16th Annual Globalization, Diversity, And Education Conference: (Re)Imagining Education For Liberation

Amir Gilmore's picture
February 27, 2020 to February 28, 2020
Washington, United States
Subject Fields: 
Cultural History / Studies, Humanities, Women's & Gender History / Studies, Race Studies, Native American History / Studies

As a member of the WSU Globalization Conference Planning Committee, I cordially invite you to submit a proposal for our conference. 

Re)imagining Education for Liberation 

Submission Deadline: Nov 18th, 2019 

Dominant discourses of equity and inclusion in education are often connected to (neo) liberal ideologies of democracy, multiculturalism, and citizenship. Liberalism, however, has been critiqued by many critical scholars for professing to value equity, justice, and sustainability while preventing the radical reform necessary to achieve socially just and sustainable communities. Under liberalism, “inclusion” is the mainstream compromise while global systems of oppression continue to be operationalized and whiteness continues to be centered. This phenomenon is perhaps most visible in the areas of STEM education, where there are increased efforts to “broaden participation” for greater inclusion, without fundamentally changing the structures, culture, or conditions that have excluded much of the world’s population. Almost always framed within the context of capitalism and the global marketplace, STEM programs in schools and universities have increased dramatically worldwide, in an effort to produce more workers in the areas of science, technology, engineering, and mathematics. Furthermore, STEAM advocates have proclaimed that while these areas are important for the global economy, the arts, and humanities, or adding an “A,” is necessary for fostering creativity, innovation, and critical problem-solving. It is questionable, however, if STEM/STEAM education offers critical thinking and problem-solving opportunities for students to collaborate to solve some of the greatest social challenges. Many of the central issues related to global human suffering and inequality (hyper-capitalism, climate change, racism, gender inequality, technology access, globalization, etc.) are rarely addressed in schools and universities, and students are often working under the auspices of the dominant (STEM) enterprise. Despite this, youth today are mobilizing globally through technologies and participating in various protest movements to voice their concerns about the current trajectory of world politics.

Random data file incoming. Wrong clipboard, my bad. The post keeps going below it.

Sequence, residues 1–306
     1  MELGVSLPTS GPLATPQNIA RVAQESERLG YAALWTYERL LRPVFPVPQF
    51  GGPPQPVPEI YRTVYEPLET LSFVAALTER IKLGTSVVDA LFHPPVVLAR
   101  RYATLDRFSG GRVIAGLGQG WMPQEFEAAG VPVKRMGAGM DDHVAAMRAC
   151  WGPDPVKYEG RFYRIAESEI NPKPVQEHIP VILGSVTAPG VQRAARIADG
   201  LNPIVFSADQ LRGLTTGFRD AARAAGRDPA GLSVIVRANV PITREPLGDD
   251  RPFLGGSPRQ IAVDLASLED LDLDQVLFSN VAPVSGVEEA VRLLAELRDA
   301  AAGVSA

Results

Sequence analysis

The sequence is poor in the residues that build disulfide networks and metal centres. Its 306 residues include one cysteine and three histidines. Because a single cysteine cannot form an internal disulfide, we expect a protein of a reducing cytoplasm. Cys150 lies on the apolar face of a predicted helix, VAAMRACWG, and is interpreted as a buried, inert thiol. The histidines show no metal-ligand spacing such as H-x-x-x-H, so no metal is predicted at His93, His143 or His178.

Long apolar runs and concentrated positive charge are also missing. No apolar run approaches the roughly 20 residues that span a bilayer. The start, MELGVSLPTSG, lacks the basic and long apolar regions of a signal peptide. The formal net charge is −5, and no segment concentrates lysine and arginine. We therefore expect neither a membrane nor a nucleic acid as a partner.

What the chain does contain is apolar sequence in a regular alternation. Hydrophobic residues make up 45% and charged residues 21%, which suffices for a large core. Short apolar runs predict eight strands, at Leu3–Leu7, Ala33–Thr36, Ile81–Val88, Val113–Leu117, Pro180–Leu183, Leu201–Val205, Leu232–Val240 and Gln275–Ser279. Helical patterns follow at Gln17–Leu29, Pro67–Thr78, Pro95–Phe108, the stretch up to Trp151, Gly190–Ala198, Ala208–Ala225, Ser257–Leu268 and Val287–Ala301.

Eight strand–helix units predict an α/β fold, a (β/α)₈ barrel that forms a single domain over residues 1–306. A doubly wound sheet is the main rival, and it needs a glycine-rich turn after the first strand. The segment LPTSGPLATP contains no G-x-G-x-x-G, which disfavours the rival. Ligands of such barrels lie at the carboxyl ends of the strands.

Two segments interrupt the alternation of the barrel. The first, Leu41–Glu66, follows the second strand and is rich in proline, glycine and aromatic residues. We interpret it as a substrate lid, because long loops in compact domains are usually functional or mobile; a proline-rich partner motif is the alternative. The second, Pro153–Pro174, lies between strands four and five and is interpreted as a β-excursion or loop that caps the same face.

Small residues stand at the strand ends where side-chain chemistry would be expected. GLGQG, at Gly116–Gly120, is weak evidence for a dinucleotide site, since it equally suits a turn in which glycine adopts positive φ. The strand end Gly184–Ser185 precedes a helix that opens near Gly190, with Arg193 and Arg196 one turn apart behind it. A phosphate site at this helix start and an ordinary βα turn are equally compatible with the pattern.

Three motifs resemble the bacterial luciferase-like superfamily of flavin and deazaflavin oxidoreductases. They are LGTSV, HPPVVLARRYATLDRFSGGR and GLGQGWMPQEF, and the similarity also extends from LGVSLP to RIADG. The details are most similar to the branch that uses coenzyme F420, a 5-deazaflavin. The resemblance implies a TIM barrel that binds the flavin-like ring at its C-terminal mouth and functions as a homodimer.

This conference invites educators, researchers, and activists to dialogue on the important work of (re)imagining education for liberation. We ask contributors to consider how systems of interlocking oppressions impact education, and how it could be reimagined across k-12 and higher education for greater justice and liberation. Some critical questions might include: Liberation from what/toward what? What does education for liberation look and feel like in k-12 and higher education? How could STEM/STEAM education be (re)imagined for global justice and liberation? How might a greater focus on activism in education change schooling? We invite proposals for paper presentations, workshops, panels, artistic expressions, and posters that share research and/or practices in education that rethink or (re)imagine education for greater justice and liberation. Key areas presenters may wish to consider include: 

Critical Theories and Critical Pedagogies for Liberation 
Re-thinking Teacher Education 
Artivism and Art for Social Justice 
Sustainability, Environmental Justice, and Climate Change 
Critical STEM, Critical STEAM, Indigenous STEM 
Critical Media Literacies and Cultural Studies of Education 
The Intersections of Race, Gender, Sexuality, Citizenship, and Technology 
The Intersections of Surveillance, Technology, Privacy, and Social Life 

Deadline for proposals: November 18th, 2019 

Contact Info: 

Amir A. Gilmore, Ph.D.

Visiting Assistant Professor

Cultural Studies And Social Thought In Education

Department of Teaching & Learning

College of Education

O: (509) 335-2525 


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